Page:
- The popularity of tablets is on the rise too, with 51% of Americans owning a tablet, up from 3% just seven years ago.
(This is the sixth in a monthly series about Corporate Health, where we examine different methods and ideas for improving efficiency, your company culture, and employee morale.)
Employee training and development should be a critical element of your company culture. After all, companies that invest well in their training and development reap the benefits with increased profits, better employee motivation, less turnover, and more talent to promote from within.
There is a difference between training and development. Training is specific; it’s designed to give employees the knowledge required to perform or improve skills needed for their current job. Development is much broader term, referring to types of formal or advanced training or education which furthers an employee’s professional knowledge in their field while promoting their overall growth and ability.
In the years since Columbine, school safety has changed dramatically. Schools have more measures in place to protect their students and faculty, such as controlled access, metal detectors, and cameras. While these safety measures are helpful, it is important to add an extra layer to improve campus safety by tying these isolated safety measures together. In the current climate, many school districts and universities are utilizing alarm monitoring software or Physical Security Incident Management (PSIM) software to integrate multiple unconnected security applications and devices. Using alarm monitoring or PSIM software enables schools to better assess potential issues or threats and to proactively resolve security concerns.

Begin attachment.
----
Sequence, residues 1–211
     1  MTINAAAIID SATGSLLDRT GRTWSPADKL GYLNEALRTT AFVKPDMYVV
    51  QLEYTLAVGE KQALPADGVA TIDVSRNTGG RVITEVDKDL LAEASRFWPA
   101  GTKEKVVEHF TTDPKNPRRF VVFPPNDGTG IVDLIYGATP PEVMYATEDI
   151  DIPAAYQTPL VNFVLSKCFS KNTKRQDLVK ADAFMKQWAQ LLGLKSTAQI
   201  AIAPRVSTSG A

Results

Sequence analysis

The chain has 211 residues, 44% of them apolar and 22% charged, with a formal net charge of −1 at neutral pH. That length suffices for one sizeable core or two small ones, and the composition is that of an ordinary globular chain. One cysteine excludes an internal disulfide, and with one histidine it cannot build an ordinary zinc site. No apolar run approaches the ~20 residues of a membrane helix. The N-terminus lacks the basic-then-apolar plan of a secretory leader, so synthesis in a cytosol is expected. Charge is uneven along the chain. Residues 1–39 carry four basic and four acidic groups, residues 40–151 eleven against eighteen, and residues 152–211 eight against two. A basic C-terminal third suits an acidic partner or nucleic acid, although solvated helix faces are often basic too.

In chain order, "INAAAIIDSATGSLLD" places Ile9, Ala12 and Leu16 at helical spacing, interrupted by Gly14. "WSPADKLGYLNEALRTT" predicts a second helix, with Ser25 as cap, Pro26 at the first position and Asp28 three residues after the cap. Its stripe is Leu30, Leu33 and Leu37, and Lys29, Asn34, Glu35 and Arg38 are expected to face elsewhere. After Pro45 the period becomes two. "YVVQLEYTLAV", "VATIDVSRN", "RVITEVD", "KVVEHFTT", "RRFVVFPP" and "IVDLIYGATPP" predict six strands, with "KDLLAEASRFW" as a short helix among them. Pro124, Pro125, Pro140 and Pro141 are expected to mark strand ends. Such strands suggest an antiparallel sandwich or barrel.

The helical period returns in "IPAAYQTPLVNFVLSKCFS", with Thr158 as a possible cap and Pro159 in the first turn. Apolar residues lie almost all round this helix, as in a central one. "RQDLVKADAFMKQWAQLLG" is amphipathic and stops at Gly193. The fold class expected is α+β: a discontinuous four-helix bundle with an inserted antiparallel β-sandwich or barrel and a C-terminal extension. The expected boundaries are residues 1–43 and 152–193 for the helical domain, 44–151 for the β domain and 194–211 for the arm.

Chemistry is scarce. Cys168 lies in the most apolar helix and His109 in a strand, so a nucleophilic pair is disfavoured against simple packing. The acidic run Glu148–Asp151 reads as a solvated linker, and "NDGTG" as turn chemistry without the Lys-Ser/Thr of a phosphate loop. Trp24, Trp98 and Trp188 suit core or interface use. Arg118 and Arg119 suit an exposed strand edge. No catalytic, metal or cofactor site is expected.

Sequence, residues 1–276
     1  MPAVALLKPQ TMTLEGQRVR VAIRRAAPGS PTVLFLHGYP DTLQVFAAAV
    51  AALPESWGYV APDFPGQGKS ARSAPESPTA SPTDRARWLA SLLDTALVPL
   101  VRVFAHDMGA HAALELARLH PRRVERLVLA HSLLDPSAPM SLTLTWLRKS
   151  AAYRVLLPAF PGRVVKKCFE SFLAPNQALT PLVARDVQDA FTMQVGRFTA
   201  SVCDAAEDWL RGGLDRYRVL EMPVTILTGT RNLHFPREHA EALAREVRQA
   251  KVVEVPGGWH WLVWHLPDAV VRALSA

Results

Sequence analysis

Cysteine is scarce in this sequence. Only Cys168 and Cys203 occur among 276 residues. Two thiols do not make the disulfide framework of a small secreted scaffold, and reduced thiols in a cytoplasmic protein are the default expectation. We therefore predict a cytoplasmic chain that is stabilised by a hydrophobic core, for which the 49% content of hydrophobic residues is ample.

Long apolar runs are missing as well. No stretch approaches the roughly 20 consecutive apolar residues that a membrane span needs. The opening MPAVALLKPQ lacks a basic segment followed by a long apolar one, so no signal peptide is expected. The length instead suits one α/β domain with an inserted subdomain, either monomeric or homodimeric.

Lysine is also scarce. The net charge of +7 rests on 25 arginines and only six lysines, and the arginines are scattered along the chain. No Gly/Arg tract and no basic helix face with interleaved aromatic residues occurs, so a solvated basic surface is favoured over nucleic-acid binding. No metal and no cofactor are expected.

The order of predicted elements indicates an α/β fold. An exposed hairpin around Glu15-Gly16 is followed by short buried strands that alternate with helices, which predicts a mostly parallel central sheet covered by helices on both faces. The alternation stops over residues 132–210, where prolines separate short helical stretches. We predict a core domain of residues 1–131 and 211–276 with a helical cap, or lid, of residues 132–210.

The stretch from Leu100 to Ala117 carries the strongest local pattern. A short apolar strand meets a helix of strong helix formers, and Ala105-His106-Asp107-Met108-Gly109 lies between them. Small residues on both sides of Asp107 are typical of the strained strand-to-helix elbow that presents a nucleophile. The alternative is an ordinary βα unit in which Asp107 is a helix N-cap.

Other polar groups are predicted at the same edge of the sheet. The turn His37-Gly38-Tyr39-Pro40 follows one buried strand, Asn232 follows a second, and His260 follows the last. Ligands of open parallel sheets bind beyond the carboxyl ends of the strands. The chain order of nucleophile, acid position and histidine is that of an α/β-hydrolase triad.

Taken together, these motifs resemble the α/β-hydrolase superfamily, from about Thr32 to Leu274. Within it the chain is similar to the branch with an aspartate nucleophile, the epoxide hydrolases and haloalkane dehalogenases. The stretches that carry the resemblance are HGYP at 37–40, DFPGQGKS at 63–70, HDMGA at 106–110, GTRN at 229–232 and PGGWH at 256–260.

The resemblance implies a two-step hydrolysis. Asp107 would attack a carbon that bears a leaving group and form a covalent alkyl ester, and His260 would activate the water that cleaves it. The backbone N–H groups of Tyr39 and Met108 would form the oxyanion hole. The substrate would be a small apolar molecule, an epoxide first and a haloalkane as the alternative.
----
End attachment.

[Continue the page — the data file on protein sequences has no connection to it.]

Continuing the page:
by Rod Coles, President/CEO
I remember buying my first car: it was a 1967 Austin Maxi; I paid £100 for it. Before I paid out my money, I looked it up and down and then I looked under the hood. To me, it looked like a mechanical mess, but my Dad explained what all the various parts were, and what was good and not so good about the engine. Since that time, I have purchased a few more modern cars, and the engines have become more advanced, but each time I have looked under the hood checking the basics, like the first time.
by guest blogger Caryn Morgan, Bold Technologies
Why is it that when I ask people why they do things the way they do it I often get the response, “that’s the way we’ve always done it?”
As a trainer for over 30 years, I get this answer nearly everywhere I go. Working in the alarm industry for pushing two decades, alarm operators often find themselves having to defend the work they do when angry customers call in complaining they made mistakes. This phrase is the quickest way to shift blame away from themselves and onto the company. That and “I was never trained.”
(This is the third in a monthly series about Corporate Health, where we examine different methods and ideas for improving efficiency, your company culture, and employee morale.)
How many hours will you work this week? If you answered, “the standard 40,” you are in the minority. The emphasis working professionals place on their jobs could be considered chronic. According to a recent Forbes article, 94% of employees put in over 50 hours in a workweek, and more than half of employees clock in over 65 hours! The reasons vary: they believe working the extra hours reflects well on them as an employee, they are concerned about layoffs and want to appear more valuable and loyal, or, quite often, they are simply overburdened with more work than can be completed in a standard, 40-hour workweek.